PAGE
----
Volunteers are invited to serve on these PlantAmnesty committees:
• Heritage Tree
• Education & Advocacy
• Tree Programs
• Financial Development
• Events (Fall Plant Sale)

Awards: Seattle’s Friend of the Trees Award, International Society of Arboriculture’s Gold Leaf Award, National Arbor Day Foundation’s Education Award.
PlantAmnesty is a federally approved 501 C-3 non-profit organization. As such, donations are tax deductible. Our Federal EIN Number is 91-1393557

PlantAmnesty
P.O. Box 15377
Seattle, WA 98115-0377
Tel: 206-783-9813
Fax: 206-529-8023
Email: info@plantamnesty.org
http://www.plantamnesty.org

Back to me again. I hope this has been a fun read for you. It always is for me and I get inspired just reading about their work as well as doing it in my own ways of educating people about how to prune correctly or choose the right plants to put in our yards and gardens. It’s a mission for some of us and has been for me my whole life as a gardener and landscaper, since I was in my teens even. I never did like topped trees and now I understand a lot more about why I didn’t and don’t. Please think about your choices when you prune your trees and shrubs. It can make or break your garden and leave horrid scars that last for years and may never be overcome. I’ve seen too much of it and if I seem a bit over zealous, well, it’s because I am 😉

Happy and Safe Pruning to you all,

Steve

It’s the Little Things

Fragrant Kalmiopsis

I love big trees. Their majesty and sense of history. They overwhelm me so wonderfully, and if I could I’d have a whole forest of them in my garden. But I don’t have the space for them. So I’ve decided to make a garden of little things. Of plants that bring me the joy of the larger world in small form. I have a lot of dwarf and unusual plants in this garden that are only going to get a few feet in size, small compared to many of their parents. But they are both complete in themselves and give me an echo of those parents. It’s a unique way to create a garden and I recommend it. I’ll give you a little tour of mine.

This picture is of a special and rare plant called  a Kalmiopsis fragrans. And yes, it’s fragrant. It grows in the Kalmiopsis Wilderness in the Umpqua National Forest in Oregon. It may be the oldest extant specimen of the Ericaceae, the Heather Family, which is one of my favorite plant families, comprising blueberries, rhodies and azaleas, madronas, cranberries and lingonberries, wintergreen, salal and huckleberries, and of course heaths and heathers. Many of them are the plants that cover the forest floor of the northern hemisphere. This plant will get maybe a foot or two wide and a foot tall. The one here is only about 8 inches tall and less across. You have to get down on your knees to see and smell it but it’s worth it.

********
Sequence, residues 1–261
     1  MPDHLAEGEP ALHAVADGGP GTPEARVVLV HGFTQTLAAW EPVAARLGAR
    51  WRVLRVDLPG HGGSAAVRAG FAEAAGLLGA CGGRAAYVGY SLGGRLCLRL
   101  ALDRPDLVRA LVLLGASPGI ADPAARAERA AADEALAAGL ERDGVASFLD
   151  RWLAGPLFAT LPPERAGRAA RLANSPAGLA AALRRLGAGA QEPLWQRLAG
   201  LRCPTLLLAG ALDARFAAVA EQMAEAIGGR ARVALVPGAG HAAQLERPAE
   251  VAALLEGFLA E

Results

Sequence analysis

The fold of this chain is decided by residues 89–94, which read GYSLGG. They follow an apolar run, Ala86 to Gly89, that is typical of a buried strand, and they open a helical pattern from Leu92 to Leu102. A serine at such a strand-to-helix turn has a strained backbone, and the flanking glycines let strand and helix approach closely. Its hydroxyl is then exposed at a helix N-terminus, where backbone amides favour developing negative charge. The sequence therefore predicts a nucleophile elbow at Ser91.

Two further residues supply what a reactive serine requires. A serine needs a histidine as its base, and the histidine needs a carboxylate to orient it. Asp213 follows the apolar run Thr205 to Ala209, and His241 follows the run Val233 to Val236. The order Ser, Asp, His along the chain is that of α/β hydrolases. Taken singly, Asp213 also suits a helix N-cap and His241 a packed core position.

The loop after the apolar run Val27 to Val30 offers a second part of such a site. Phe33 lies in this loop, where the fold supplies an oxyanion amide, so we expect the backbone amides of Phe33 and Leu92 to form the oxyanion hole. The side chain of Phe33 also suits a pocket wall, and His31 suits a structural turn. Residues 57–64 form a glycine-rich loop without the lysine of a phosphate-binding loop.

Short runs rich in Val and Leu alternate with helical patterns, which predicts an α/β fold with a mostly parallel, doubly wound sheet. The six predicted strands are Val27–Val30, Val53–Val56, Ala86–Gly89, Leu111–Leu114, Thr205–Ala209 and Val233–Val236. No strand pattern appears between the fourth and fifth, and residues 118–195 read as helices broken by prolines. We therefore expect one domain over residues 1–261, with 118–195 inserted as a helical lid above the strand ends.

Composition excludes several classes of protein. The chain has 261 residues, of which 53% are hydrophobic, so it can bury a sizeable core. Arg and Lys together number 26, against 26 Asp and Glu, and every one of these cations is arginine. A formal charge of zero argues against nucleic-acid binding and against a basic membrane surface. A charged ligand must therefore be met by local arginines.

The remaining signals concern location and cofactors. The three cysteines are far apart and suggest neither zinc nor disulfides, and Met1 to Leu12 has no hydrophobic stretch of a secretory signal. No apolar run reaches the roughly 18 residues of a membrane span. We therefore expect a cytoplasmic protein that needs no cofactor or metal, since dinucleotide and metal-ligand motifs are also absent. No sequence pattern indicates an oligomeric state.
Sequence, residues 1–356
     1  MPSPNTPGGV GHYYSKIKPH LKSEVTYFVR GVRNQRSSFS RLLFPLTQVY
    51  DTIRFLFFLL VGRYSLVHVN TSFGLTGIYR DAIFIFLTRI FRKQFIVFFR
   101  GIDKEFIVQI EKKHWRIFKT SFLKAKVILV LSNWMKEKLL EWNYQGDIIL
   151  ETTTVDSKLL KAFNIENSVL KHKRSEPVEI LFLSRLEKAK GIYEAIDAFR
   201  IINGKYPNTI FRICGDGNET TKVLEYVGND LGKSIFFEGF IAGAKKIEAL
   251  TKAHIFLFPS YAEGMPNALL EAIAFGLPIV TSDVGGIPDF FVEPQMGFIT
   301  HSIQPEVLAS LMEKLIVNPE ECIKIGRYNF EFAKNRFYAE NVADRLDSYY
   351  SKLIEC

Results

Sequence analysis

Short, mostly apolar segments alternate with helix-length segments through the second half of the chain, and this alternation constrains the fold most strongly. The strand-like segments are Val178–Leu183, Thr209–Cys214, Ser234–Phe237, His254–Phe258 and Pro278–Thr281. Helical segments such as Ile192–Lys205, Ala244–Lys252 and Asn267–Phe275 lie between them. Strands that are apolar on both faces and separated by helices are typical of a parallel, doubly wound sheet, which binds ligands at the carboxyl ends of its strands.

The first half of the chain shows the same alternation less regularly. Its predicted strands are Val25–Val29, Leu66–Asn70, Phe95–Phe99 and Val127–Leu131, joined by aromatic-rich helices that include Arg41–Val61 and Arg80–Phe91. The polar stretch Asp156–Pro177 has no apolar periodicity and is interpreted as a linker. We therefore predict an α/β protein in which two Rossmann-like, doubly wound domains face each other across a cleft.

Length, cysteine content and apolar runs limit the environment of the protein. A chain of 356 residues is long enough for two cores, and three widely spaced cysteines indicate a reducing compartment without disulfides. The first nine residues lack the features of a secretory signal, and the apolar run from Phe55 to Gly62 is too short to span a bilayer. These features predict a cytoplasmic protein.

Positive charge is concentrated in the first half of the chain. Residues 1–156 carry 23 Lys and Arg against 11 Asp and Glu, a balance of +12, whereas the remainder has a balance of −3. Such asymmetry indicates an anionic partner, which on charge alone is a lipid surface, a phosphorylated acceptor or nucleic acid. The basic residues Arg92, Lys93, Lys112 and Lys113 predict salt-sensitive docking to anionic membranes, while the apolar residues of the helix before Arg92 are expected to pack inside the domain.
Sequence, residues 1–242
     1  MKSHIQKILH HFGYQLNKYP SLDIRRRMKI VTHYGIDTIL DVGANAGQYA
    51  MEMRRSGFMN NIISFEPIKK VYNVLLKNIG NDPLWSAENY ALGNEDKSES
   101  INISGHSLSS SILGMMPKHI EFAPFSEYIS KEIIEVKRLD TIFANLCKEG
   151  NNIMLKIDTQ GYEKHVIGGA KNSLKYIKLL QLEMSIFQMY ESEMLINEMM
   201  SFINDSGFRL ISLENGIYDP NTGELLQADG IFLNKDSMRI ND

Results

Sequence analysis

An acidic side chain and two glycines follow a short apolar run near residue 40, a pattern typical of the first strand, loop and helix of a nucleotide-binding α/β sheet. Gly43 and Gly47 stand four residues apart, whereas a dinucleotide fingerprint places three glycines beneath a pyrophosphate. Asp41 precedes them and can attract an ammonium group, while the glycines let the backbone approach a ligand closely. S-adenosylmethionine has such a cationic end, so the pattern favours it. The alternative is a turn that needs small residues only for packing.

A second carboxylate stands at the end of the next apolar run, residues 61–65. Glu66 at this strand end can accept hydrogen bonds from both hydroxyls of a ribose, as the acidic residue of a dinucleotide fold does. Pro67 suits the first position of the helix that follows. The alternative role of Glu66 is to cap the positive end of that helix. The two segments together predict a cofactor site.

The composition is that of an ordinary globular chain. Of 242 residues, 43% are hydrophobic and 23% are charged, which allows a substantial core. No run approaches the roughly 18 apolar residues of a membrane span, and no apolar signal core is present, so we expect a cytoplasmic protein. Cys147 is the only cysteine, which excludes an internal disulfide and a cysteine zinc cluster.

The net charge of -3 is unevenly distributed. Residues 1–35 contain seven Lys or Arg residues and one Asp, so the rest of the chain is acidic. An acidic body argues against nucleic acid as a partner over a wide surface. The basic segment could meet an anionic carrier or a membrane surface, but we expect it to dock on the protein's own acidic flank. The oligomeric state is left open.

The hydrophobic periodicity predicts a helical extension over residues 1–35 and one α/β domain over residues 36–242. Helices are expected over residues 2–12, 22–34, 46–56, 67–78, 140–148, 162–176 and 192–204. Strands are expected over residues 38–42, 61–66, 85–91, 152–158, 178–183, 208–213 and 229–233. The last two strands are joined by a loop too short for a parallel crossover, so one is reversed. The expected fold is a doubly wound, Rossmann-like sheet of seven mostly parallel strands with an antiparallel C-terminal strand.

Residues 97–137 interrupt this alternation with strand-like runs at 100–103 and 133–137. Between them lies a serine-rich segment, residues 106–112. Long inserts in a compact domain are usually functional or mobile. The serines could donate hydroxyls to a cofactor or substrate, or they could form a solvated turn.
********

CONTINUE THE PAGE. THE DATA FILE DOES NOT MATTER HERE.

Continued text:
I have several other little plants that you have to inspect from close up. A dwarf form of Daphne called “Lawrence Crocker” that has sweet purple blossoms and grows a foot tall, with some wild ginger with its strange red flowers poking out next to it. A dwarf Himalayan blueberry that gets a similar size and has small sweet berries in the fall. Or the andromedas or bog rosemarys. They only get a foot or two wide and a foot tall and are covered with clear pink bell shaped flowers typical of the heather family. And of course there are the Heathers themselves that are generally small plants and get to a couple of feet at the most. I have a whole bed of them that are  just gorgeous in the  summer and fall when they bloom.

Then there are the dwarf forms of the trees that get so large in regular life. In the bed with the heathers is a dwarf Ginkgo that gets maybe 10 feet tall and has butterfly shaped leaves which give it its name of “Jade Butterflies”. It’s a rare and ancient tree that was thought to be a conifer for many years but is being re-evaluated for that right now. I don’t know what the result will be yet. But it’s a beautiful thing and it turns a golden color in the fall as its much larger parent does. I’ve enjoyed Ginkgoes for many years and it’s a joy to be able to have even a small one in my own garden.

Some of my favorites are the Cryptomeria, or Japanese Cedar, varieties. One called Elegans is the largest of the 5 I have. It’ll actually get 30 feet tall. That’s still a dwarf compared to its parent that gets to be a forest tree and is the national tree of Japan. Called the Sugi it’s bark and trunks are used to roof and create temples. Its dwarf varieties are so numerous I can’t begin to name even a fraction of them. The others I have are the “elegans nana”, a dwarf form of the elegans only stiffer, a “pygmaea” which gets to be a ball of about 3 feet, a “tansu” which gets only a foot or so around and is prickly as can be, and a “black dragon” which can get to 10 or 12 feet and turns a dark color as it ages which is why it’s called black. All of these give me the echo of the parent tree and make me think of what the forests in Japan must be like.

Another of my favorites is a dwarf coastal redwood called a “Kelly’s prostrate” that only gets a foot tall and 4 feet across, tho it may get bigger since it’s already that big and I’ve only had it a couple of years. It gives me the sense of a redwood grove with the needles so flat along the stems and its branches rising up in spurts here and there A friend remarked that he thought it was a fern it looked so delicate and elegant. It’s an echo of the tallest tree in the world, and I think of those trees whenever I see it.